Parable of the Sadhu

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Practical Moral Philosophy for Lawyers

Bowen McCoy's Parable of the Sadhu

I have often wondered whether students of lawyer ethics might not be as well advised to study the ethics of doctors, nurses, businessmen and business women, church ministers, and journalists, even as they study the ethics of lawyers. If ordinary morality is going to have a place in the world of lawyering, we are going to need an ethics (and ethic) that reaches beyond the profession.

The stories that provide the most powerful moral lessons are sometimes about lawyers and sometimes not. Bowen McCoy is an American businessman and not a lawyer. He tells a story in the Harvard Business Review about his efforts to traverse and 18,000-foot peak in the Himalayas and an encounter with a holy man that might be of interest to lawyers. [Bowen H. McCoy, 61 (5) The Parable of the Sadhu, Harvard Business Review 103 (September/October, 1983)]. It was during his preparation for a final ascent of this Himalayan peak that he encountered a near-naked holy man--a Saudi--suffering from hypothermia and found himself focusing a "classic" moral dilemma. Bowen McCoy is a Wall Street realty executive, not a lawyer, but when he talks about ethics he talks a language we can all understand.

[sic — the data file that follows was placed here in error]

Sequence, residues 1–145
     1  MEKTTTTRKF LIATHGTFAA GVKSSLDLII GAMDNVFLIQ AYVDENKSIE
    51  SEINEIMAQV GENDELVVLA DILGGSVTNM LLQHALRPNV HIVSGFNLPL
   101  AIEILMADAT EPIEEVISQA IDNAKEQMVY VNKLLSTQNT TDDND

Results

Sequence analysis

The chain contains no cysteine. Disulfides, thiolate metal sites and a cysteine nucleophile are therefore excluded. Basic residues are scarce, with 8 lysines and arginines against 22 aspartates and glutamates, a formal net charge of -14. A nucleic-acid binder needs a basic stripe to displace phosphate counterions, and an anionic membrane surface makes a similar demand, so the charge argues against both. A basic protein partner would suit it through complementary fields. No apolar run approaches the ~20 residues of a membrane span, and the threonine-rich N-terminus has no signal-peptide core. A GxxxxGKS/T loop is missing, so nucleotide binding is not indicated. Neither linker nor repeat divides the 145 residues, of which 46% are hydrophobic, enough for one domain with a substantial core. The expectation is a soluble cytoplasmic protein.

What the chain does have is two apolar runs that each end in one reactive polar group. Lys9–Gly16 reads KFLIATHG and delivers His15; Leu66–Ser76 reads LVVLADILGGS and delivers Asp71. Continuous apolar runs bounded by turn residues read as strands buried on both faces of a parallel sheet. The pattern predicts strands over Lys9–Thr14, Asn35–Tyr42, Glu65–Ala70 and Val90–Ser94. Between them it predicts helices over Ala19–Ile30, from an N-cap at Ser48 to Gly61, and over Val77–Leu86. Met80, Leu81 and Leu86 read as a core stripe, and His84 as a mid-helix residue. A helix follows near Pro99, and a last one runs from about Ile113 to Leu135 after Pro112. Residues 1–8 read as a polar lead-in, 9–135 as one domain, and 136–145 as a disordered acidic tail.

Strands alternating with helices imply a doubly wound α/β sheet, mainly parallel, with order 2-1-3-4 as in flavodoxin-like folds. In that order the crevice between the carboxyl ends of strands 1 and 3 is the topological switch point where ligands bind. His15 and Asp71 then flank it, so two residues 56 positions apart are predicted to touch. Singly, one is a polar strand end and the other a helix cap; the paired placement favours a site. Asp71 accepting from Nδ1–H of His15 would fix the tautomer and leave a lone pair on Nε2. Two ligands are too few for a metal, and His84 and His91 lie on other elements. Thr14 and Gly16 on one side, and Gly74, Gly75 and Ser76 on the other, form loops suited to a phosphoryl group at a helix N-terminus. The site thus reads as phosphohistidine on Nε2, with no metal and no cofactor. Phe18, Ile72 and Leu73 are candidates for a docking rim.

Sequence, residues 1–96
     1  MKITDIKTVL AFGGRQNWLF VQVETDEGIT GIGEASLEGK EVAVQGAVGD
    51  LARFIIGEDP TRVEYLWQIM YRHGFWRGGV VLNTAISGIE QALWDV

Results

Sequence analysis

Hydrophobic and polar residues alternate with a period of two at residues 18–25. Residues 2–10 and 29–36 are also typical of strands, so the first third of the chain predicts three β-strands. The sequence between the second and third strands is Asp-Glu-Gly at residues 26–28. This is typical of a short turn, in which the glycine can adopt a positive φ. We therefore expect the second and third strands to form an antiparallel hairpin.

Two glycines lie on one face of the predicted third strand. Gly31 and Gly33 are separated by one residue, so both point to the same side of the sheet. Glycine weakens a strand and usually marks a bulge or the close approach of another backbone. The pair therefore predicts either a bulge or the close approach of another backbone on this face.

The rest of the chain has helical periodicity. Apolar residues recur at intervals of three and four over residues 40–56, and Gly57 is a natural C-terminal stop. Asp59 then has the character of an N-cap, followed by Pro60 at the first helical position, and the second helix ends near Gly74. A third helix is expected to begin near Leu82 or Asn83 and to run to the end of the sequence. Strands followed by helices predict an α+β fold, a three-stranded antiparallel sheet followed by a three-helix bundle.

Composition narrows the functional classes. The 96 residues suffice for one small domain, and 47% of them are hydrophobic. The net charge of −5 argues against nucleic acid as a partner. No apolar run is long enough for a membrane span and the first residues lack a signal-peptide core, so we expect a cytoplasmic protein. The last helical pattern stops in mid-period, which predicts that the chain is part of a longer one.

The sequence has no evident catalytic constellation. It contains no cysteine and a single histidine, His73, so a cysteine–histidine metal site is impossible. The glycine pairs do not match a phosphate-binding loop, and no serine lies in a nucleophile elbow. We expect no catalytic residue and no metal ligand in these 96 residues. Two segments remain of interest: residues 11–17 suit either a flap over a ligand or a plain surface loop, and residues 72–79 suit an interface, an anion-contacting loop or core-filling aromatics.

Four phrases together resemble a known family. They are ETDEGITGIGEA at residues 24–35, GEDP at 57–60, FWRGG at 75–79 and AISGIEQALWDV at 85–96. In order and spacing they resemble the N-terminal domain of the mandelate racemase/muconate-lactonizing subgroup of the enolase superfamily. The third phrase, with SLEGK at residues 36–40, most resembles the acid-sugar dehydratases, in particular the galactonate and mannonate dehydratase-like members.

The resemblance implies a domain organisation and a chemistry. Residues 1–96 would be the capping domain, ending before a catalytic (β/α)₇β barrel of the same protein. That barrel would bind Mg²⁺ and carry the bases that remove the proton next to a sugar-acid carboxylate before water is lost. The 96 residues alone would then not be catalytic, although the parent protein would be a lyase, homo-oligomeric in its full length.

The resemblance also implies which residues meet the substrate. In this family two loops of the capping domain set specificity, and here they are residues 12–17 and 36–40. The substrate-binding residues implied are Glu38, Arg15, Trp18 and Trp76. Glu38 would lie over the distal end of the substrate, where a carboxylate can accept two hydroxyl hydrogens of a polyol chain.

In "The Parable of the Sadhu," McCoy describes efforts of he and his companion, Stephen, an anthropologist, accompanied by a group of climbers, to traverse an 18,000-foot peak in order to reach the village of Muklinath, an ancient holy place. The peak was the highest mountain pass they had attempted to traverse in a sixty-day Nepal hike. Six years earlier, McCoy had attempted a similar climb and had been forced back by altitude sickness. The weather, on the day of the most recent attempt, was not good and McCoy feared they would not make it over the pass.

At 15,500 feet, it looked to me as if Stephen were shuffling and staggering a bit, which are symptoms of altitude sickness.... I felt strong, my adrenaline was flowing, but I...